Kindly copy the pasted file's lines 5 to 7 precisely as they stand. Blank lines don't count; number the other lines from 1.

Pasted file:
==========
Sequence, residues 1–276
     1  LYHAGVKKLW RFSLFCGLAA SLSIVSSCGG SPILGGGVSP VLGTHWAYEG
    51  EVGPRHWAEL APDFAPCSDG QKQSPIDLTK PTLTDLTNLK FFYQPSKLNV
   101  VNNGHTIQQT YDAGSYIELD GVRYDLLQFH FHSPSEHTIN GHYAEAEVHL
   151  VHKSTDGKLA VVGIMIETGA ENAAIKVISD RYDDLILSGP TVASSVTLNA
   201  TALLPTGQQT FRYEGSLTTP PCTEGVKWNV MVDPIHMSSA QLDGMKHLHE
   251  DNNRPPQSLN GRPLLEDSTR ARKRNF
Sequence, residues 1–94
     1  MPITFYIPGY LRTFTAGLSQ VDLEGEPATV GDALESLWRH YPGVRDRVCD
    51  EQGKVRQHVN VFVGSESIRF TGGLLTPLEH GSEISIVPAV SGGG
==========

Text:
   151  VHKSTDGKLA VVGIMIETGA ENAAIKVISD RYDDLILSGP TVASSVTLNA
   201  TALLPTGQQT FRYEGSLTTP PCTEGVKWNV MVDPIHMSSA QLDGMKHLHE
   251  DNNRPPQSLN GRPLLEDSTR ARKRNF